Five years later, it became harder to make these economic arguments with the same conviction. In 2016, a poorly conceived demonetisation plan, which cancelled high-value currency notes in a bid to stamp out tax evasion and cash hoarding, hobbled hundreds of millions of citizens and shrank growth. A nationwide sales tax regime, needlessly labyrinthine, made life more difficult still for small businesses. India now creates so few jobs that, when Indian Railways recently advertised 63,000 vacancies for porters and cleaners, it received 19 million applications. The agricultural sector has slowed to a crawl.

These are all real and present problems, affecting the lives and livelihoods of ordinary Indians every day. In 2004, when the BJP failed to convince citizens that the benefits of rapid economic growth were reaching the poor, it was voted out. The party’s opponents must have hoped that history would repeat itself this year.

But it didn’t. In the face of all these tribulations, India gave Mr Modi and his party an even bigger mandate, leaving many to wonder what happened. What swung the election the BJP’s way?

The quality of the alternatives is an obvious place to start. The Congress, always the main opponent to the BJP, has failed to reinvent itself in any meaningful way. It is still led by a member of the Nehru-Gandhi family, while the leaders below Rahul Gandhi are either ageing or dynasts themselves. Populists must be countered with radical ideas, not with heated up versions of stale policy prescriptions, however sincerely they are proposed.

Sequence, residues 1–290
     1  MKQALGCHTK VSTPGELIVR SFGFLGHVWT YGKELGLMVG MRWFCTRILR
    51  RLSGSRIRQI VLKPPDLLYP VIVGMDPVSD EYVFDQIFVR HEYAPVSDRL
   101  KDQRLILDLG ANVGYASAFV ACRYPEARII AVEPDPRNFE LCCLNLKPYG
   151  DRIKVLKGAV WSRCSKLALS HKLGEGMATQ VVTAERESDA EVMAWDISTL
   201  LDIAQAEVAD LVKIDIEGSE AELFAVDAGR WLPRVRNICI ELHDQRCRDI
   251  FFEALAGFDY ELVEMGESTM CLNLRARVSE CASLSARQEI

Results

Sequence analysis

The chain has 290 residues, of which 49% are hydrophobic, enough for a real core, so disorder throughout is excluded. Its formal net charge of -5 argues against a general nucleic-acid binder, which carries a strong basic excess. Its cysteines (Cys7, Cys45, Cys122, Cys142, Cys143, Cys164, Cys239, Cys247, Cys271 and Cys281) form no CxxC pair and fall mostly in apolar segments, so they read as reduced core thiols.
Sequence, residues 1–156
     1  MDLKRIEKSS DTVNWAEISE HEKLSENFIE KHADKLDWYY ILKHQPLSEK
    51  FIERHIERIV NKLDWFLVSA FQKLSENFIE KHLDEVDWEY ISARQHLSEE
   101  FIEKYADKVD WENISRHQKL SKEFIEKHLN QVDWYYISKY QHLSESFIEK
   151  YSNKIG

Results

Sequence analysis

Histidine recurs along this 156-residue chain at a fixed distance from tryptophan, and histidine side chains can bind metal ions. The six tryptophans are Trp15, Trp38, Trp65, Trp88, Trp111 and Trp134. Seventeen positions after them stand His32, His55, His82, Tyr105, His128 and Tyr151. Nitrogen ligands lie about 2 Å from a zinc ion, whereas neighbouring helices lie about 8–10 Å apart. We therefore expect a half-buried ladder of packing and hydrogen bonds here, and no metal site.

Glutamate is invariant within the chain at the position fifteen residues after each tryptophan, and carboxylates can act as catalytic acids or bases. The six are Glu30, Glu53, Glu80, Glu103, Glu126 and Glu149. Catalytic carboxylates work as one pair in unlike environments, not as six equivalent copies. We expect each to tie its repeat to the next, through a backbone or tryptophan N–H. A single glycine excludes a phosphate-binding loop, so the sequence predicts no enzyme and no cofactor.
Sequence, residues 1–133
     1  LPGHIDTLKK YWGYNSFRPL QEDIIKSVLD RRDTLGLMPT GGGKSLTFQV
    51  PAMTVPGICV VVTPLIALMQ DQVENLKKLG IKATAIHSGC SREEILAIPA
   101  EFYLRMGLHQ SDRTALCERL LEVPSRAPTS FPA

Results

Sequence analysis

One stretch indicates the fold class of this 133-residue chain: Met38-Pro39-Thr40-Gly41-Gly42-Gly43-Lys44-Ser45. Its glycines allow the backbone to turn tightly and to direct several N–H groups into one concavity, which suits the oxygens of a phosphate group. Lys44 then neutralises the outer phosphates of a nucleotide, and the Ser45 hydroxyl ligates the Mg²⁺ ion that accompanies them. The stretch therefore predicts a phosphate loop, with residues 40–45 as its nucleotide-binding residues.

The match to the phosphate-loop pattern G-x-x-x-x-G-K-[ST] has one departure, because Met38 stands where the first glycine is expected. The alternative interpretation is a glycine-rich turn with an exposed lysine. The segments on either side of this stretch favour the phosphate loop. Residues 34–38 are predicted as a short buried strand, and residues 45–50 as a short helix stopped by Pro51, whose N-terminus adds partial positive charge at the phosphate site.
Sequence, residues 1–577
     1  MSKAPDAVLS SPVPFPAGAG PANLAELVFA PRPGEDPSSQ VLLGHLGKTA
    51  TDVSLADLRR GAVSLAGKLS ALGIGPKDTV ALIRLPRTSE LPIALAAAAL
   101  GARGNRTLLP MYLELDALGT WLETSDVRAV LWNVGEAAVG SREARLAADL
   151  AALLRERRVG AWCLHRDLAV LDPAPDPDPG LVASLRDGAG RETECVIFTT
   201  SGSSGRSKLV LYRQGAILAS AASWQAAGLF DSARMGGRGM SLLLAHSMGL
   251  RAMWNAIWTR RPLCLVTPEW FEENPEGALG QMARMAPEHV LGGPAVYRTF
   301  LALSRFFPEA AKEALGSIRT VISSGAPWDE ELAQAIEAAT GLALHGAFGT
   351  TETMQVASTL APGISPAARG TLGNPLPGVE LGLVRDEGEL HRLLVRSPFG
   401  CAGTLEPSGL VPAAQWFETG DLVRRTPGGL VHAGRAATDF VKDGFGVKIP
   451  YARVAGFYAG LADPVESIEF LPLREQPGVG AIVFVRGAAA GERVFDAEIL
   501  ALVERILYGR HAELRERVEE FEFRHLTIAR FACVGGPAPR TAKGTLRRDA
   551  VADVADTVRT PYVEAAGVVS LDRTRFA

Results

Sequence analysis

It is a grave mistake, also, to deem the average voter irrational, so swayed by rhetoric that they forget their own economic distress. Voters make discerning choices. In Odisha, where an election to the state assembly ran in parallel with the parliamentary election, voters in nearly half the constituencies chose a candidate from the regional Biju Janata Dal party for the state legislature and a BJP candidate for parliament.

Clearly, then, citizens have seen value in the BJP forming a federal government, and one that is not necessarily tied to its economic performance.

Feeding the beast of division is liable to make it so strong that it will break its chains and turn upon us all